By Trish MacEnulty
A famous writer once said that writers are the only people who can admit they hear voices and no one thinks they’re crazy. The problem for us is when we don’t hear those voices.
Every writer gets stalled sometimes. Call it being blocked, call it the silent treatment of the muses, call it whatever. The words won’t flow anymore. It’s frustrating, at best, and can be downright depressing.
When that happens to me, I make a cup of tea and find some place private to have a conversation with one of my characters. Not a spoken conversation, mind you, but written down with a smooth-flowing pen on paper. This is not a conversation for the keyboard. It’s one for the hand.
I start by asking the character, what’s going on? What is she worried about? How does she feel about the situation she finds herself in? And most importantly, what’s she going to do about it? Usually I’ll get some kind of response. Sometimes the answer is a complete surprise.
In addition to jump-starting your writing, an exercise like this can reveal to you the tones and nuances of a crucial element of your story: the Voice.
You don’t have to write your story in the first person for voice to matter. Even in a close third person, the character’s voice makes itself known whether through dialogue or through internal monologue, and omniscient narrators will also demonstrate a voice of their own. Narrators may be hard-boiled, or they may be lyrical, or somewhere in between.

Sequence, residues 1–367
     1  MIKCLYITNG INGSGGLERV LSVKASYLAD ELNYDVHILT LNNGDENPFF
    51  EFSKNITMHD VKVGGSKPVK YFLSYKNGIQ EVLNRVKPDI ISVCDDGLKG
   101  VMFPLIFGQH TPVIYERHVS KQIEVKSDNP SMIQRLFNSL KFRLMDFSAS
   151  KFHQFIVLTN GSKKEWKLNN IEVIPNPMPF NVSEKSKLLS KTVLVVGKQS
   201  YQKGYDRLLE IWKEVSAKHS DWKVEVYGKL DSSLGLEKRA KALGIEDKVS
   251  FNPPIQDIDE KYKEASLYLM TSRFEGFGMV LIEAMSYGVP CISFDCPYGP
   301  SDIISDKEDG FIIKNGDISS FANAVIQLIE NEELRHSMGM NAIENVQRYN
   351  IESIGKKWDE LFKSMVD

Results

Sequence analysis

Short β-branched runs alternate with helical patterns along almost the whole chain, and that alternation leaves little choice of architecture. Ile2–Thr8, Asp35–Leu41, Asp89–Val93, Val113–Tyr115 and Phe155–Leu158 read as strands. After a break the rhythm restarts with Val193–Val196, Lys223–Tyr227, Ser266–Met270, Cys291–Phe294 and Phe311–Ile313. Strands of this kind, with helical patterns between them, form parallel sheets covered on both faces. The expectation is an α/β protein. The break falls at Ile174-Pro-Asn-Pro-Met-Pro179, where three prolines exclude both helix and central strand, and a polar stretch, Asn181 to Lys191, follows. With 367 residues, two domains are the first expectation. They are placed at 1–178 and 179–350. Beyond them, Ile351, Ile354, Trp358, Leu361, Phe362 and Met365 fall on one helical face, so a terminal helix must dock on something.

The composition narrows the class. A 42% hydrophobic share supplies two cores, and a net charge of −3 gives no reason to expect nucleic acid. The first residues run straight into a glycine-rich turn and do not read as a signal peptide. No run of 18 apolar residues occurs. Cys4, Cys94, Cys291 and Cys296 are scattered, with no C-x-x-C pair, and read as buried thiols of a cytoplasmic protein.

Conversing with your characters (or narrator) is basically research: taking notes, listening to what they have to say, and then translating that to the mode of your story. The beauty of this technique is that it gives your characters or your narrator a chance to speak in their own authentic voices. Simply put: be the ideal listener.
The books I love to read often have a unique, idiosyncratic voice — a voice with authority. “Listen to me,” it commands. “I have a story to tell that you’ll never forget.”
Here’s an example of a first-person voice that swept me off my feet from the first sentence. It’s from The Strange Case Of Eliza Doolittle by Timothy Miller (Seventh Street Books, 2021): “I have perhaps left the impression among my readers (such stalwarts as remain) that, when Sherlock Holmes retired to his villa in Sussex to pursue his avocation as a beekeeper, his extraordinary career as the world’s first consulting detective came to a lamentable end.” So much personality is packed into that sentence that, as a reader, I can’t help but think, take me where you will.
For a writer, finding a powerful, evocative voice — whether it belongs to one of the characters or to the narrator — is like finding gold.
Join me for my workshop at the HNS convention this June to further explore this extraordinary tool, the Power of Voice.
Sign up for the 2021 Historical Novel Society Conference to attend this exciting panel and more!
Thursday, June 24, 2:45-3:45PM (CT)
THE POWER OF VOICE IN HISTORICAL FICTION